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Meat (Not) For Sale

Updated July 13, 2022

Christina Bakker

Assistant Professor and SDSU Extension Meat Science Specialist

Producer inspecting an inventory of farm-raised, frozen beef in a freezer.
Photo Credit: Lance Cheung, USDA

Written collaboratively by Christina Bakker and Dr. Tammy Anderson, South Dakota Animal Industry Board.

I grew up on a cattle farm in southwestern Minnesota. To call beef a staple in our diet is a massive understatement. My mother would leave daily reminders to get out a package of ground beef or a couple packages of steak to thaw when we got home from school. Every time I made the trek to the basement to dig through our chest freezer, I always thought about that stamp that was on every package of our custom-processed beef. It said my dad’s name, what delicious cut of meat was in the paper wrapped package, and then, underneath that, it said in big red block letters “NOT FOR SALE.” I remember thinking, well that’s good that they put that on there, because then they would know not to sell our meat to someone else. I didn’t know it then, but that familiar stamp had nothing to do with reminding the butcher to not accidentally sell our meat.

Custom Exempt vs. Inspected Meat

When it comes to red meat products, there are four types of inspection they can fall under in the state of South Dakota: custom exempt, federal inspection, state inspection and retail exempt. Custom exempt facilities provide a slaughter and processing service where a livestock owner can take their animal and get the meat from their animal back. State or federal inspected facilities have inspectors present during operations, and that meat can be sold to the general public regardless of who owned the animal previously.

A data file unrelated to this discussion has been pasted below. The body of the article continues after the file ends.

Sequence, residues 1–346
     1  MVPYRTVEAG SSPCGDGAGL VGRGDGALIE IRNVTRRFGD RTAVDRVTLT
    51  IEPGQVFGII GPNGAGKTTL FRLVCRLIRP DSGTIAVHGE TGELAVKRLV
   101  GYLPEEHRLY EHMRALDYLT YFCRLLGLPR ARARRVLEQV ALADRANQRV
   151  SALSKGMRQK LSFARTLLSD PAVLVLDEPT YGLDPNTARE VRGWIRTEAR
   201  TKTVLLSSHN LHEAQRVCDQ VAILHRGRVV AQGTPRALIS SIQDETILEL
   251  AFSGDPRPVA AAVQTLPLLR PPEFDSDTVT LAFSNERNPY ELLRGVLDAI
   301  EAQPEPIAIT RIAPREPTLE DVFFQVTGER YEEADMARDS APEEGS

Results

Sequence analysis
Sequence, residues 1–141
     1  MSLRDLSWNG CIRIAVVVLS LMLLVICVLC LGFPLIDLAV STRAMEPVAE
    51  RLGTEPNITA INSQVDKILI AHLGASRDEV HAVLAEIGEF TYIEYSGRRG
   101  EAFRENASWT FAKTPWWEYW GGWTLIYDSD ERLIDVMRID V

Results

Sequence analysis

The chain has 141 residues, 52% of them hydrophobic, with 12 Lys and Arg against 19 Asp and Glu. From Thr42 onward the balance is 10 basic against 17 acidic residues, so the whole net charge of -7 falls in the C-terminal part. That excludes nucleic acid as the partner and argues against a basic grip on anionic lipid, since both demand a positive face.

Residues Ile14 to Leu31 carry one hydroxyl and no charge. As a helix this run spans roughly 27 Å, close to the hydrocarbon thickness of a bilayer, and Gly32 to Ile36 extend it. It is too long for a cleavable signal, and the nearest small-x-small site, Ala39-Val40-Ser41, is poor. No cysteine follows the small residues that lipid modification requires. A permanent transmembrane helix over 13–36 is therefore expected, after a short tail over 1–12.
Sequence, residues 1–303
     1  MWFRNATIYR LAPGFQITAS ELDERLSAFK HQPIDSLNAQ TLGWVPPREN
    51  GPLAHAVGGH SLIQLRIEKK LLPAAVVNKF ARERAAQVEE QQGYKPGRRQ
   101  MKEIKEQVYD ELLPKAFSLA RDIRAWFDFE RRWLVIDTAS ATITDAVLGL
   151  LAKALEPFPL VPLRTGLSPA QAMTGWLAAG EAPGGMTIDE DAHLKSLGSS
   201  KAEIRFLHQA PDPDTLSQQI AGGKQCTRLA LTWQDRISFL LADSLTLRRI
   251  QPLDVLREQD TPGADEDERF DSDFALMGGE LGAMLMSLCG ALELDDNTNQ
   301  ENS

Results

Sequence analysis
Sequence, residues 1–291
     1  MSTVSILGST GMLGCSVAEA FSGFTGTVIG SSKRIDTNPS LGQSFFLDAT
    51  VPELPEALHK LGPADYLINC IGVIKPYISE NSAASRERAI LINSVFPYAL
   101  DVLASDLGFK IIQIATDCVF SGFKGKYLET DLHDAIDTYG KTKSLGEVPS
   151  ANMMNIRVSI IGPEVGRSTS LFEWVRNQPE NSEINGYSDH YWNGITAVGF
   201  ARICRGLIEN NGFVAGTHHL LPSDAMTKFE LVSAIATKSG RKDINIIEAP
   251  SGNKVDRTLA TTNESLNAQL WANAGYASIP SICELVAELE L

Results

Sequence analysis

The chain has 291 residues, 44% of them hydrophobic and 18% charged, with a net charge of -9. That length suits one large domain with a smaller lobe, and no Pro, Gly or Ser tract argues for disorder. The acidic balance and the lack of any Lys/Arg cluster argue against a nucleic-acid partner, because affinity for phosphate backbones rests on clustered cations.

How Can You Get Custom Exempt Meat?

Livestock producers have the easiest path to obtaining custom exempt meat. As mentioned before, they take their animals into the locker and get their meat back. Producers can also sell live animals (or halves or quarters) to other people. Those people pay the producer for the live animal and become the new owner. Then, when the animal is taken to the locker, they give their own cut orders, pay for the services provided and get their share of the meat back. That meat can be used for themselves, members of their immediate household or nonpaying guests.

Variety of frozen meats in a freezer labeled with a red, “Not for Sale” stamp.
Photo Credit: Lance Cheung, USDA

“Not for Sale” Means Not for Sale

Custom exempt meat cannot be donated or sold to others. Over the past few months, the number of advertisements that I have seen on social media for farm-fresh meat has skyrocketed. These posts are usually put in community rummage sale sites or other public forums. Some individuals will post pictures of the packages with “NOT FOR SALE” boldly displayed across the package, and some are more discrete and find ways to hide the stamp. Regardless of their photography skills, the fact that it is illegal to sell the product still exists. While many consumers may see this as a personal choice to purchase the meat, they should know that this doesn’t just impact the buyer and seller. When these posts are found, regulatory officials contact the locker plant, and the butcher gets pulled into the investigation. In a time where local meat processors are already extremely busy and understaffed, dealing with these issues is one of the last things they want to do. For everyone’s sake, do not put them in that position.

So next time you find you are low on meat and want to support local livestock producers, please take the time to make your purchase through the proper channels.

More information on inspection can be found in the article Meat Inspection in South Dakota: Requirements and Resources or at the South Dakota Animal Industry Board website.